The Wood Badge is a common standard open to Scouting volunteers and professionals. Created over 100 years ago, it has played a pivotal role in shaping leaders within the Scout Movement. Its distinct design was inspired by a necklace brought back from Southern Africa by the founder of the Scouts, Robert Baden-Powell.
History of the Wood Badge
In 1919, Baden-Powell introduced a standardised training system for leaders. Scouts who successfully completed the leader training were awarded a Wood Badge. Made of two wooden beads worn at the end of a leather lace, the first bead came from the ceremonial necklace of Zulu Chief Dinizulu, while the second was carved by the recipient.
In 1987, four Wood Badge beads were given to Dinizulu’s grandson as a symbolic act of returning the beads to their rightful heirs.
Today, the tradition of the Wood Badge continues with leaders receiving beads made from acacia wood. Leaders are also enrolled as members of the 1st Gilwell Park Scout Group - where the first Wood Badges were given out in 1919 -, and can wear the distinctive Gilwell scarf and woggle.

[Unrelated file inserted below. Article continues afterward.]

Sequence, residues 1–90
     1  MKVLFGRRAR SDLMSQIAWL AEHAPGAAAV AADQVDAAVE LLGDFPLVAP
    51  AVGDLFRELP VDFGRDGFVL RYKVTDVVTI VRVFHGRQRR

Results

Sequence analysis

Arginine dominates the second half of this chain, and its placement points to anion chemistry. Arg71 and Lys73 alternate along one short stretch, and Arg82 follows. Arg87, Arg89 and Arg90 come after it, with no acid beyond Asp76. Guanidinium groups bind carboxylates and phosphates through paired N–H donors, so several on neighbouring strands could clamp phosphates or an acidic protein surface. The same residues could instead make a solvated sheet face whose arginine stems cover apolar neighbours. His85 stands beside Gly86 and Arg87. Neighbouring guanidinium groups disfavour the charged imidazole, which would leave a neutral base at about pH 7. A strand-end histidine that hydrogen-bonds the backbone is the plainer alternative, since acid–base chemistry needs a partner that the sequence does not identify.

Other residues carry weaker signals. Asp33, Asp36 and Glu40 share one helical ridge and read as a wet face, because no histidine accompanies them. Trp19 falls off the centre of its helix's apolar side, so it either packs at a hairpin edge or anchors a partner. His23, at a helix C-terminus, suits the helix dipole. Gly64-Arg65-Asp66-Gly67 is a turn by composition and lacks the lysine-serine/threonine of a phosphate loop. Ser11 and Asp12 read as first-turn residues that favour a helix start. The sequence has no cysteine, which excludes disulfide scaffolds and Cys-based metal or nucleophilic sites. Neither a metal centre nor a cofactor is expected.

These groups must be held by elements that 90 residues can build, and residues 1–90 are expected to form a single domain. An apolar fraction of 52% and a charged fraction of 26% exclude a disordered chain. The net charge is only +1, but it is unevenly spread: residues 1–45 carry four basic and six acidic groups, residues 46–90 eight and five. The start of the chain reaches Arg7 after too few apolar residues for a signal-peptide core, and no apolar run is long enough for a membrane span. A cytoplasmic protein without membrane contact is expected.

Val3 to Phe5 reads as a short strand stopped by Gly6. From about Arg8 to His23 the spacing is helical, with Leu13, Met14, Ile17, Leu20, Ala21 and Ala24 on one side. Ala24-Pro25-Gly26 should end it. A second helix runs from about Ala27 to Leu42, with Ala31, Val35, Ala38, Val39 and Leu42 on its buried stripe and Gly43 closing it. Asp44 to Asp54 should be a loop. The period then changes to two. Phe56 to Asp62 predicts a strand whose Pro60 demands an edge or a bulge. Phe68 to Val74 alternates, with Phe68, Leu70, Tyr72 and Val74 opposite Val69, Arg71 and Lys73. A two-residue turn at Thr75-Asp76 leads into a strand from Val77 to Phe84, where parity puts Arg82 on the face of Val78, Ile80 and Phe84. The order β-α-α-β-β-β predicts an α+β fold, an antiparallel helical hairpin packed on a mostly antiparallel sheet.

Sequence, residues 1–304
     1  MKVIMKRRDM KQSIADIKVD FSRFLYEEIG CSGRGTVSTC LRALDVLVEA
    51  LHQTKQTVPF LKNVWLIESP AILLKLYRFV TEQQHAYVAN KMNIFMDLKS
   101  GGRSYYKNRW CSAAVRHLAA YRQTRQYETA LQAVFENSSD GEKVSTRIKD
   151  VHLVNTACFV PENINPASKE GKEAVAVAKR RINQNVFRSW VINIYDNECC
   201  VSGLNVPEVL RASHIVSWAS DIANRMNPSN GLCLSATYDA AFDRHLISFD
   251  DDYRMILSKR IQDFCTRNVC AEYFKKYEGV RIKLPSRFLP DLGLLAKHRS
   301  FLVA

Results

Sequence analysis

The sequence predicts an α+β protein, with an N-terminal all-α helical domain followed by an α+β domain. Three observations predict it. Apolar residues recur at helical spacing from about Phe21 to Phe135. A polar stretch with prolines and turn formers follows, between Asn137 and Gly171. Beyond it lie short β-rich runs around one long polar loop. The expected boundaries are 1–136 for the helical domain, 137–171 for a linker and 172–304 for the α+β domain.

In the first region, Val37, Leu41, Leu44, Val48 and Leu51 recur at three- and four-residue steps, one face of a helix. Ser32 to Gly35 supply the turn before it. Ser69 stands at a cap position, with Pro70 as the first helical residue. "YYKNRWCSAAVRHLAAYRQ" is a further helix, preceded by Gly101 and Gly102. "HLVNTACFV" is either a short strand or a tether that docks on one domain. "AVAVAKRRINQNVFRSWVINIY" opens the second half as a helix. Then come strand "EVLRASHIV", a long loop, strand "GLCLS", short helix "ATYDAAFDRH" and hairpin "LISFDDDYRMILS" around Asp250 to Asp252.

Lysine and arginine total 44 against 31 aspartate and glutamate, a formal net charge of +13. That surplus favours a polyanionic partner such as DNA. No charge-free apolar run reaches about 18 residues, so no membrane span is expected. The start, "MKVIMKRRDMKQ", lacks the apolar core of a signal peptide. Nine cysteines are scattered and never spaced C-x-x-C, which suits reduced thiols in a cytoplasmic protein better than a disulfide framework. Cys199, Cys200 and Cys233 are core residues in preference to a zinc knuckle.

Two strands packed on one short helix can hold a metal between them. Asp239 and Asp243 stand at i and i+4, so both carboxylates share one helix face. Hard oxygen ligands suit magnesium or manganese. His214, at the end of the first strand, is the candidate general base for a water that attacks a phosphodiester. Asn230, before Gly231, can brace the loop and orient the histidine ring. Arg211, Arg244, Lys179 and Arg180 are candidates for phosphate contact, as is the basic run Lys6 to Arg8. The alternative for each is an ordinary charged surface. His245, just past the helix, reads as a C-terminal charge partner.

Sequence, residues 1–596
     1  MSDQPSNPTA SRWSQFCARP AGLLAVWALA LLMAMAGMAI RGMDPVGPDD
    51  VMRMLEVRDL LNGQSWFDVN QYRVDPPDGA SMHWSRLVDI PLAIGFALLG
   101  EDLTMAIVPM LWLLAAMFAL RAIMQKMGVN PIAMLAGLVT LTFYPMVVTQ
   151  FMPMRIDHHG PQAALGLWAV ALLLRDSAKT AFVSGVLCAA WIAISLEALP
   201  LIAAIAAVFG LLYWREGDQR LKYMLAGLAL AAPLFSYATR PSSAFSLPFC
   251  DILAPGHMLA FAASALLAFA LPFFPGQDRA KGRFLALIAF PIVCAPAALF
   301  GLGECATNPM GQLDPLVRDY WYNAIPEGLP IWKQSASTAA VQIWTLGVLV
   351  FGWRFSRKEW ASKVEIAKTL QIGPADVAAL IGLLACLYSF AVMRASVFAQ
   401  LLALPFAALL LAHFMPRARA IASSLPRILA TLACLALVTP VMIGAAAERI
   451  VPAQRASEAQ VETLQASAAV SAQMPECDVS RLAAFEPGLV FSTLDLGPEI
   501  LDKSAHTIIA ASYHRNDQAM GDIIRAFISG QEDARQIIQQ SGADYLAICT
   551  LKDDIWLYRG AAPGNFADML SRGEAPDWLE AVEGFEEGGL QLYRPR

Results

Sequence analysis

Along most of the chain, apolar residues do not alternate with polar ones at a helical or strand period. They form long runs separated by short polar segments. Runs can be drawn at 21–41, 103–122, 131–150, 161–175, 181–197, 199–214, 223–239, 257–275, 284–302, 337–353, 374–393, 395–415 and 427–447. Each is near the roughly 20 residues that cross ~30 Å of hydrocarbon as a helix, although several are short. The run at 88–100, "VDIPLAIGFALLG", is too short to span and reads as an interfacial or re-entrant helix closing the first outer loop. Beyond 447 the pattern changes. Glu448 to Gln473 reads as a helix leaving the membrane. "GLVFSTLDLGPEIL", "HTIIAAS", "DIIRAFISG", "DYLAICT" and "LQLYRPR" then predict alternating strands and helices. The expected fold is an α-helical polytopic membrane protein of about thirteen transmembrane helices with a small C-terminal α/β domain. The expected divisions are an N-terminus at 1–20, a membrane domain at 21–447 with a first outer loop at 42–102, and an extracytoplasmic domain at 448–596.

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World Scout Bureau
100 Years of the Wood Badge
After more than a century, the Wood Badge remains an important mechanism for shaping the leaders of the Scout Movement. It serves as an inspiration to adult volunteers, reinforcing their commitment and support for the vision of Scouting.